A Day In The Life


Pretty in Pink
June 25, 2007, 10:22 pm
Filed under: Life in the South, Music, Nature

“Summer time and the livin’ is easy. Catfish are jumpin’ and the cotton is high. Well, your daddy’s rich and your mammy’s good lookin’ so hush, little baby, don’t you cry.”

I just love “Summertime”  from Porgy and Bess.  I sing it a lot this time of year.   I don’t raise cotton, but look what I do have reaching high in my garden.

southendofgarden.jpg

This is what I see when I look out my kitchen window. I wish you could see it in person because this picture just doesn’t capture the absolute beauty of all these flowers. I did a post in early May with a picture of the southern most third of my garden and you should check it out to see what a difference there is! If I’m remembering correctly, I actually took that picture in March.   Anyway, what you see here are purple coneflowers, bergamot and rudbeckia.

coneflwrandmonarda.jpg

Purple coneflower echinacea purpurea is a perennial that returns year after year and requires very little care.  It will produce flowers all summer long, but it looks its prettiest in late June and early July before the heat and humidity start sapping its strength.  Butterflies and bees love the flowers,  some of which grow to six inches in width. 

monardacloseupblurred.jpg

Bergamot monarda didyma also called Bee Balm or Oswego Tea, is an herb.  I love the unique shape of the flowers which attract bees and hummingbirds.  Bergamot has an interesting history as a “Freedom Tea” and dates back to the Boston Tea Party, when patriots threw the highly taxed English tea into Boston Harbor, in protest.  Indians of the Oswego tribe showed the colonists how to use this plant to make a minty substitute tea from its fragrant leaves.  The tea from this native American plant became one of the most popular teas of the American Revolution times. 

coneflwrandyarrow.jpg

The yellow flowers are yarrow achillea millefolium which is also an herb.  This plant is an old-time medicinal herb.  It received its name from Achilles who is said to have used it to stop the bleeding of wounded soldiers in the Trojan Wars. 

Stay tuned for more garden pictures soon! 

Advertisements

8 Comments so far
Leave a comment

Gorgeous

Comment by Karmyn R

I tried growing bee balm. It didn’t like my yard
The cone flower (echinacea) is great… in fact it is toooo great. It is pretty invasive.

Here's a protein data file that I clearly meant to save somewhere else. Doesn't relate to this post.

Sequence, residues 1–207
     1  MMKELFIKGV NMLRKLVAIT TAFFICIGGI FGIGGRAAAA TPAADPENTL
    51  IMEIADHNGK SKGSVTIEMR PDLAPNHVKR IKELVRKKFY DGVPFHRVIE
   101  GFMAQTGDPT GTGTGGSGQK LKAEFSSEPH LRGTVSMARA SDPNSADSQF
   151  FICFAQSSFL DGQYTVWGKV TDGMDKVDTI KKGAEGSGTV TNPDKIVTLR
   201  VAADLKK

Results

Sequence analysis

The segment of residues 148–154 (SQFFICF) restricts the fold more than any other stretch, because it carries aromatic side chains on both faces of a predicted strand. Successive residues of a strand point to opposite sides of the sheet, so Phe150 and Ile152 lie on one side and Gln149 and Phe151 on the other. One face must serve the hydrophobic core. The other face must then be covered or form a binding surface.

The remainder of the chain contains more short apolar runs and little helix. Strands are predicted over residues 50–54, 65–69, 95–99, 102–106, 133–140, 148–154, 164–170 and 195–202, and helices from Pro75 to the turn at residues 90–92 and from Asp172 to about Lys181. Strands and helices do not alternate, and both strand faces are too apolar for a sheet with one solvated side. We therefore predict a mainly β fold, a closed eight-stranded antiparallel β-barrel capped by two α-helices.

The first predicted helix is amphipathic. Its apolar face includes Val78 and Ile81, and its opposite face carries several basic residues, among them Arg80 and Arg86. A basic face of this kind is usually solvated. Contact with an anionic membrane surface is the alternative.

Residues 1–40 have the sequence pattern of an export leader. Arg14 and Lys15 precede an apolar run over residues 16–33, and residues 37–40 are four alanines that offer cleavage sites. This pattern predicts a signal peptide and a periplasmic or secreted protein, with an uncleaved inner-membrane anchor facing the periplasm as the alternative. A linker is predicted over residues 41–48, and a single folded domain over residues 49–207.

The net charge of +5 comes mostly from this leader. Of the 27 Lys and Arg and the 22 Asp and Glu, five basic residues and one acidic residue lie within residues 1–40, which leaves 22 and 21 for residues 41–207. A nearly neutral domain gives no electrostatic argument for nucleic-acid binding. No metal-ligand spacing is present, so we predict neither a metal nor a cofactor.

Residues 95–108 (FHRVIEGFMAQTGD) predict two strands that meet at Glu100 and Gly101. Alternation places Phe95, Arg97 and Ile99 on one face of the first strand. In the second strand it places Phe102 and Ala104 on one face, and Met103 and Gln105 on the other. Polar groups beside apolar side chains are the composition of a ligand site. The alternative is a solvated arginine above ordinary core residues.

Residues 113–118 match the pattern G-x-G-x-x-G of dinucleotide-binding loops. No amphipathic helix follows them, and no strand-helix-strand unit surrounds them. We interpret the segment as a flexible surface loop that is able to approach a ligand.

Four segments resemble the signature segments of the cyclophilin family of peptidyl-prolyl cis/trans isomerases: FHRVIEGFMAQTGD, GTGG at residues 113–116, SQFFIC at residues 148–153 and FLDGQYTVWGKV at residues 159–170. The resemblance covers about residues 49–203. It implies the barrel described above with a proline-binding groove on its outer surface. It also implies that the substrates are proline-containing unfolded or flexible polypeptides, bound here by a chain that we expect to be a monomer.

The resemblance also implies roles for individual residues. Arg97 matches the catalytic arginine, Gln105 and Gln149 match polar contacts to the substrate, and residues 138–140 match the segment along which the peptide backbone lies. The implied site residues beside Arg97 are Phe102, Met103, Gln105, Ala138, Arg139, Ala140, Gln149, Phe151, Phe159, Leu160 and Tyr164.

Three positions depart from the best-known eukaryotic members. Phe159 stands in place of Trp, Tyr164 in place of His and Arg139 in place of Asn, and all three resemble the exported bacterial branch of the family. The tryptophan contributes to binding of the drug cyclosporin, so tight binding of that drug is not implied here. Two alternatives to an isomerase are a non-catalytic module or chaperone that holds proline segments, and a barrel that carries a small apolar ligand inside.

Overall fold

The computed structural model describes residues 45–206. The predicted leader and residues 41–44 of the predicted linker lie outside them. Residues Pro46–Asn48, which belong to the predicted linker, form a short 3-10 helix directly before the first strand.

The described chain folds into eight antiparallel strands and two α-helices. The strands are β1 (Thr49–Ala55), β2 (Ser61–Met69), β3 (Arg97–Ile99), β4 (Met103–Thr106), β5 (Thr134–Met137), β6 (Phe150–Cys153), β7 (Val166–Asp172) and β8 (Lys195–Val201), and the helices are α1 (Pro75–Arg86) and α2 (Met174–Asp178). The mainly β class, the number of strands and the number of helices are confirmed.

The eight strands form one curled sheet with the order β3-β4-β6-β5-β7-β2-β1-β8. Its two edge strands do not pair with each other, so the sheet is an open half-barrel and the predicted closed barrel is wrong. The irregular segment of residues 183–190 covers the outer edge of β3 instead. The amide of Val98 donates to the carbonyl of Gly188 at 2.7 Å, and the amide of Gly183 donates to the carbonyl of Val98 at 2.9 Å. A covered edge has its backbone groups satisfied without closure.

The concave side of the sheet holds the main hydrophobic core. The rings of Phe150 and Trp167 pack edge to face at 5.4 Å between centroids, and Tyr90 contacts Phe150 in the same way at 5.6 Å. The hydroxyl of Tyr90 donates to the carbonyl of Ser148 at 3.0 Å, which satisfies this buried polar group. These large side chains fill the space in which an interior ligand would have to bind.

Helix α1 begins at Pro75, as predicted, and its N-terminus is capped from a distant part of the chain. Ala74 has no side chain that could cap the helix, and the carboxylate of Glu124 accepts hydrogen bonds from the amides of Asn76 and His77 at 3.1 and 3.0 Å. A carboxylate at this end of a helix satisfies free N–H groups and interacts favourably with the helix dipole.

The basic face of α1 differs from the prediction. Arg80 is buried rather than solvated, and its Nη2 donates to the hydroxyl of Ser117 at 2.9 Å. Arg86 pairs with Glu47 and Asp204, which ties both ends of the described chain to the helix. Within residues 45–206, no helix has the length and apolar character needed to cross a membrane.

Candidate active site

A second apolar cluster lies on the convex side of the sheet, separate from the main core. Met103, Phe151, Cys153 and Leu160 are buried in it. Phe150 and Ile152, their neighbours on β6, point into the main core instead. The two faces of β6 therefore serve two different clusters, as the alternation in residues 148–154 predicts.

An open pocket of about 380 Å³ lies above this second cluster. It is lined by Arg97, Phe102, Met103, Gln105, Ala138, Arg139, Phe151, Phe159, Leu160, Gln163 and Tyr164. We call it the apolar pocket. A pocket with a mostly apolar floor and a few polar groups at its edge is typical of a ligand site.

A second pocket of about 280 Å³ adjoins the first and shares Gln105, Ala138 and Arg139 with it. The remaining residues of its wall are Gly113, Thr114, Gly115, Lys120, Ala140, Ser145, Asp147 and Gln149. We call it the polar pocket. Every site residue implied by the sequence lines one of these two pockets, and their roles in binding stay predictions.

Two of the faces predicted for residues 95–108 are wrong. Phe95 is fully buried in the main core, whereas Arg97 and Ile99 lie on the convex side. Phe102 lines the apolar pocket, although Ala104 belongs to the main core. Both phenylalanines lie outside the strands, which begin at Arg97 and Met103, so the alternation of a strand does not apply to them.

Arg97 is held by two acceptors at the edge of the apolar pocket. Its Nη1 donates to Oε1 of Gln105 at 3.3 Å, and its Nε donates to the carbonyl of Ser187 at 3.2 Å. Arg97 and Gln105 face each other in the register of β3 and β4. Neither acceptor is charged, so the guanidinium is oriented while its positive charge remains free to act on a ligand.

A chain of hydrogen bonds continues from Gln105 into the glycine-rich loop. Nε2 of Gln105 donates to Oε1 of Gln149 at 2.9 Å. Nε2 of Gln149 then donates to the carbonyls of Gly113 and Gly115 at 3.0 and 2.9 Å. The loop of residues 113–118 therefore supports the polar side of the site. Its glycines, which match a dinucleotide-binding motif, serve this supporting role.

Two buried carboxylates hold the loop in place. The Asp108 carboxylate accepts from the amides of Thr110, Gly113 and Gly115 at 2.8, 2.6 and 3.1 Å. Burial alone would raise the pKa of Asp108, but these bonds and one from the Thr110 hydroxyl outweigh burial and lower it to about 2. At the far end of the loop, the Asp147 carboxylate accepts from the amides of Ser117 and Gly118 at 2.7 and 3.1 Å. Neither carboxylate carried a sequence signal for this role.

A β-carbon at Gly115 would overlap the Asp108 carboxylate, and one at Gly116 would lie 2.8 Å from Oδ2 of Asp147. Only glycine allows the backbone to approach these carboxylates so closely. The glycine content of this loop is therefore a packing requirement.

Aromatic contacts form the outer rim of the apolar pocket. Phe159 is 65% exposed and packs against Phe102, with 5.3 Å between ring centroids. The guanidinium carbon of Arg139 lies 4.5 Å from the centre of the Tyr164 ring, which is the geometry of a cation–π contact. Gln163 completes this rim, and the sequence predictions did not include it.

I’ve been giving it to my neighbors and friends.

Love your pink array.

Comment by Pamela

The coneflowers are my favorite!! How beautiful!

Comment by Jodi

They’re beautiful!

Comment by Susan

Pretty flowers. And, I love Porgy and Bess, too.

Comment by Betty

It makes me so darn happy to see such an incredible patch of purple cone flowers, rudbeckia, bergamot, and yarrow!!! I don’t care if you ever use any of them as medicinal plants, but they are so precious to our herbal heritage and all of them are so pretty.

I’m going to go visit mine now. But I have only tiny amounts of each right now. It’s a start anyway!

Comment by Angelina

Oh! Oh! Oh! See how the flowers dance!!! I love your photos!!! You take me away to a world of blooms that I’m not experiencing right now. Color me jealous… but also grateful that you post the pics and I get a glimpse! What a wonder! Enjoy!!

Also — love how you know the real names of your flowers! I have been informing everyone I know that my yard is now open to ALL perenials. I have sun, I have shade, I have room! It is fun to get additions from the gardens of friends — you always think of them when the new year brings new blooms.

Comment by Grim Reality Girl

Beautiful flowers and photos!!! 🙂

Comment by Debbie




Leave a Reply

Fill in your details below or click an icon to log in:

WordPress.com Logo

You are commenting using your WordPress.com account. Log Out / Change )

Twitter picture

You are commenting using your Twitter account. Log Out / Change )

Facebook photo

You are commenting using your Facebook account. Log Out / Change )

Google+ photo

You are commenting using your Google+ account. Log Out / Change )

Connecting to %s



%d bloggers like this: